A list of charities offering support and assistance to the victims of the shooting can be found here and here.

Tuesday, July 24, 2012

Female Genital Mutilation: hidden horror in our UK communities

Female Genital Mutilation
Image from Medscope

According to some traditional beliefs, female circumcision is part of becoming a woman – it reduces a girl’s sexual urges, thus ensuring a virgin bride and a faithful wife. The truth about Female Genital Mutilation (FGM), however, is one of brutal disfigurement carried out on young girls who are often too young to understand what is happening. These girls grow up scarred in every possible sense.

The girls are left feeling “different” and have very real physical problems when embarking on a sexual relationship: removing the clitoris means that sexual pleasure is diminished or non-existent; the stitching of the vaginal opening can make sexual intercourse painful or even impossible; and the dangers of giving birth are increased, with many mothers requiring emergency treatment.

I have always thought of FGM as an atrocious crime against women carried out in faraway places, but a recent TV report by Sue Lloyd Roberts for BBC’s Newsnight reveals that this brutal circumcision is being carried out on girls in UK towns and cities. One victim of FGM, 23 year old Ayanna, told the BBC’s reporter that she knew of girls as young as two weeks old being cut with scissors and knives by “the elder women.” Ayanna lives in Glasgow – a city where I lived for many years during my university studies. I find it appalling to think that this is going on in a place I once called home.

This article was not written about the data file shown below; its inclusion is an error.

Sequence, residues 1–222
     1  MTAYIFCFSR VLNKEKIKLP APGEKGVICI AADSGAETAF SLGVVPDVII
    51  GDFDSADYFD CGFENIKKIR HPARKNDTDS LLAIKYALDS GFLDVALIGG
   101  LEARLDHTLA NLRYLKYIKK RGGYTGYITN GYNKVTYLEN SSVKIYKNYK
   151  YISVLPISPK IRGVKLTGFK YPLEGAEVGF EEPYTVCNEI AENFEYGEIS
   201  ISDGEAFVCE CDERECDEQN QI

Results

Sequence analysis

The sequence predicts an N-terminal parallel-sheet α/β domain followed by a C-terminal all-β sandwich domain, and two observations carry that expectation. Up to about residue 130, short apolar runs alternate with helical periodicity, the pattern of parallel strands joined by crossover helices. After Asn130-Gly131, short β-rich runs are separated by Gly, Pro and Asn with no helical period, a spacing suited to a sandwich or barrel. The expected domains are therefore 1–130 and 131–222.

A further revelation which I find truly horrendous is that the UK is becoming a FGM tourist destination, with families in France sending their girls over the Channel to be cut. French FGM activist, Isabelle Gillette-Faye, puts this down to the difference in the countries approach to immigrants. France has a strict integration policy, with mothers and baby girls attending compulsory clinics to check for possible mutilation. Although some may see the policy of targeting of girls from “high-risk” ethnic minorities as racist, it is clearly having a greater success than the UK’s lack of cultural intervention. French girls who have been mutilated find that there is a support network on offer with psychological counselling and the possibility of getting reconstructive surgery.

The UK does have 17 FGM specialist clinics, but they are now overwhelmed by the high numbers of immigrants and refugees. More support is needed and the government is scared to address the issue. FGM was made illegal nearly 30 years ago. With the practice continuing in our own towns, it is shocking that there has never been a prosecution for FGM. Hopefully, with this shocking report, public awareness of Female Genital Mutilation will grow. The Home Office has recently released a pocket guide which details the illegality of this abuse in the UK.

Female Genital Mutilation is a cultural cruelty which can no longer hide behind the shield of tradition. Change needs to happen within the immigrant community and education has to be at the heart of that. We need to acknowledge that the problem is happening and involve the women and girls, as well as the men, in promoting a healthy, abuse-free, female sexuality.

Sue Lloyd Roberts’ report for the BBC’s Newsnight programme is available for viewers in the UK to watch here.

-Vhari Finch
Junior Girl
Girl Museum Inc.

Monday, July 23, 2012

Unforgettable Amy…


Amy Winehouse’s last recording with idol Tony Bennett on one of her dad’s favourite songs, Body and Soul.
Today it's been one year without Amy Winehouse. No matter how predictable it was for some, the music community as a whole was shocked at the news of Amy's death due to alcohol poisoning on 23 July 2011. Her admirers all around the world spared no tears for the 27 years old wondergirl. As is often the case with the tragic event of a young person's loss, what was truly sad was the mere fact of the farewell to such a great potential and future productivity.